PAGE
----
This section provides a wealth of information on activities, tours and trips available in the Cayman Islands.
Top 10 Attractions
- Stingray City & The Sandbar (North Sound)
- Cayman Turtle Centre (West Bay)
- Collier Nature Reserve & Trail
- Crystal Caves (North Side)
- Bioluminescent Bay (North Sound)
- Starfish Point (Cayman Kai)
- Mastic Reserve & Trail (North Side)
- Queen Elizabeth II Botanical Garden (North Side)
- Pedro St. James (Savannah)
- Kittiwake Shipwreck & Artificial Reef (West Bay)
- Cayman Islands National Museum (George Town)
- Cayman Craft Market (George Town)
- Hell (West Bay)
- Tours of the Island
The attractions are great options for weekend adventures in Cayman, as well as ideas to keep all your guests entertained! Wherever you are on the Island, we provide options from West Bay to Savannah and all the highlights in-between.
For more details on tour prices, times and promotions, pick up a copy of Explore Cayman, the definitive guide for exploring Cayman, visit the Explore Cayman website, or download the free iPhone or iPad app.
For details on sporting activities for adults see the Sports & Fitness section.
Over the years, Stingray City has been covered by National Geographic (as well as many other international magazines), and has become a major attraction for Island visitors. If you are interested in diving and seeing the gorgeous coral reefs while swimming with the rays in 20ft deep water, Stingray City is the best place to visit. For an up close and personal encounter where you can walk in waist deep water with the stingrays, you may want to choose The Sandbar.Read More
Cayman Turtle Centre (West Bay)
Since 1968, the Cayman Turtle Centre has released more than 32,000 captive bred and raised sea turtles back into the sea to help replenish Cayman’s wild population.
The Centre, which is dedicated to the conservation and education of the Green Sea Turtle, is home to approximately 7,000 turtles, ranging in size from six ounce hatchlings to 500lbs adult turtles.
During your visit to the Centre you can learn about the turtles in the exhibits, the breeding and rearing process, touch and snorkel with the turtles and reef fish, swim in the freshwater pool and visit hatchlings during the nesting season. You will also be exposed to local and regional wildlife, such as flora along the nature trail, the Cayman Parrot in the aviary, sharks in the predator exhibit and their rescued crocodile.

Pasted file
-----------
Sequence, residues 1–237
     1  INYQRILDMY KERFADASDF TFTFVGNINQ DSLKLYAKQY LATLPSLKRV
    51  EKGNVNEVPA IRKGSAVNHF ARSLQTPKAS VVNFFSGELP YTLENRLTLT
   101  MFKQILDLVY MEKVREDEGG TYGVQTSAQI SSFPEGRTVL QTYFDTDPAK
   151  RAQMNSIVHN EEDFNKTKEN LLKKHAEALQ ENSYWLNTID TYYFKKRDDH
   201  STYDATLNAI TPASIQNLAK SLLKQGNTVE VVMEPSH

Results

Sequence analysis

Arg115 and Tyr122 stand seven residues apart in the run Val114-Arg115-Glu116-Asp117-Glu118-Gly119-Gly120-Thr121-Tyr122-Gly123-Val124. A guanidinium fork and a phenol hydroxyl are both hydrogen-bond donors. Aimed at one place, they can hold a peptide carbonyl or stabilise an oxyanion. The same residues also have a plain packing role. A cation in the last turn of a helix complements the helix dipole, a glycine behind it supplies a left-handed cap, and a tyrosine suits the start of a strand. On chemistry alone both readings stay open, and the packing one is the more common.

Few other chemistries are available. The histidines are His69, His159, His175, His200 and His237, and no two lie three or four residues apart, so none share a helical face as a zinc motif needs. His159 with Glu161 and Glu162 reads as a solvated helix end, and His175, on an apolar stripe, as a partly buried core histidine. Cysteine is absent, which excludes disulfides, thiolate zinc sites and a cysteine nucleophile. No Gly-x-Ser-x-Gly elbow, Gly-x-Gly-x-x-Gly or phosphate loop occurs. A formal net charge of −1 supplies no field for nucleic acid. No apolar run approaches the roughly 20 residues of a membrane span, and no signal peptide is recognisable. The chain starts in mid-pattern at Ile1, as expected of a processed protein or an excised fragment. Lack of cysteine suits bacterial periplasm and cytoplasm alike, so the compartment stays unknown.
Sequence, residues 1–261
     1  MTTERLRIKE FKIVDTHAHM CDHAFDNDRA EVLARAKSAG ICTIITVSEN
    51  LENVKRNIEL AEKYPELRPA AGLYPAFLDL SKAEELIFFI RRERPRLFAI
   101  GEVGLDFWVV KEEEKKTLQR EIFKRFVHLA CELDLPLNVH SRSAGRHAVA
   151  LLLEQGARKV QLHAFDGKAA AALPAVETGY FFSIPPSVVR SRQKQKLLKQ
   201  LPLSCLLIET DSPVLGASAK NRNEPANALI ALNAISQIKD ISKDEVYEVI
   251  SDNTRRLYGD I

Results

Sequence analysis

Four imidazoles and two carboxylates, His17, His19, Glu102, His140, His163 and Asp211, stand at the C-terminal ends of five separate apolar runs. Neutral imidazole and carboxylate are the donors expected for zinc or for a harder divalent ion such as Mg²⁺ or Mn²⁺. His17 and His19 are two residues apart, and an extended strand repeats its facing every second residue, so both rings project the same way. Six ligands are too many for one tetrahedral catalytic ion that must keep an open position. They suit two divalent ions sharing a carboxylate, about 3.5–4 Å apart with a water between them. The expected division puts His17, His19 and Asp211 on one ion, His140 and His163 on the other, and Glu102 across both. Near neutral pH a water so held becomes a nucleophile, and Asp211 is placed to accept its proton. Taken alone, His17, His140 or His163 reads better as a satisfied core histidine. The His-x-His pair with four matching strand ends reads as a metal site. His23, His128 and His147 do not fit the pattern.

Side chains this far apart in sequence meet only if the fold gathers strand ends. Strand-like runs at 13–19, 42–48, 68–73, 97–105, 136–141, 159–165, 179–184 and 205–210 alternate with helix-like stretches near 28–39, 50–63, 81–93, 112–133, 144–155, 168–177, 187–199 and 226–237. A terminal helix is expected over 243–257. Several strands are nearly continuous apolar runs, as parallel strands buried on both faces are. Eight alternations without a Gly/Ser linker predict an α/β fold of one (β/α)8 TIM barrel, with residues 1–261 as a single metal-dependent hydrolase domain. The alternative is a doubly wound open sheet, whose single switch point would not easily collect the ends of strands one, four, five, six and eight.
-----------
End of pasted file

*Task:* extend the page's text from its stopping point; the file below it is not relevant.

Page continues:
Collier Nature Reserve & Trail
The National Trust founded the Colliers Wilderness Reserve in 2011 with the help of the European Union’s BEST grant-funding scheme. The reserve boasts 190-acres of Blue Iguana territory. The easy walking trail allows visitors to observe the iguanas and other animals in their natural habitat.
Walk through dry rocky woodland (phytokarst) and observe many different species of Cayman’s fauna as well as fungi, lichens, birds and other creatures. The entrance is located a mile inland from the coastal East End Road, Austin Conolly Drive.
Cayman naturalist, Ann Stafford offers tours of the reserve. Contact CaymANNature Tours on (345) 925 2760.
Crystal Caves (North Side)
The Crystal Caves offers local guides that educate visitors on the history of the caves starting from their creation to when they became the hiding place of pirate treasure. It is one of the Island's newest natural tourist attractions.
Tours take you through the surrounding tropical forest area and around the network of three caves. You will see the open-ceiling cave, the roots cave and the tour will culminate in a visit to a crystal clear underground lake. Call (345) 949 CAVE (2283) to arrange a visit.
There are only a handful of destinations where you can experience the Bioluminescence phenomenon and Cayman is fortunate enough to be one of them!
Bioluminescence is the emission of light from the extremely high concentrations of bioluminescent phytoplankton that live in the water. When disturbed, they emit a burst of light flash lasting a fraction of a second. This light emission is used as protection to scare predators. Companies you can contact to take you into the bio bay when there is very little moon (and the best time to go) include Cayman Kayaks (345-926 4467), Crazy Crab (345-927 2722), Sea Elements (345-936 8687), The Sweet Spot (345-925 8129) and White Sand Water Sports (345-938 7263).
The Bioluminescent Bay is located on the North Side of Grand Cayman. It is a 10-15 minute kayak from Rum Point, Starfish Point and Kaibo, and approximately a 45 minute ride by boat from Seven Mile Beach.
This secluded area is perfect for a Sunday picnic. The shallow and clear water is suitable for the whole family.
Starfish Point is named after the many wild starfish that once populated the area. Now only a few remain and it is vital that we do not harm them.
Starfish Point is located on Water Cay Road, North Side. To get to the water you will need to park in the open lot at the end of the road and walk the rest of the way. You’ll know that you are there when you can see the shallow water from shore.
Starfish Point is approximately an hour drive from Seven Mile Beach and 10 minutes from Kaibo and Rum Point. There is no admission fee. For much more information about Starfish Point see this page.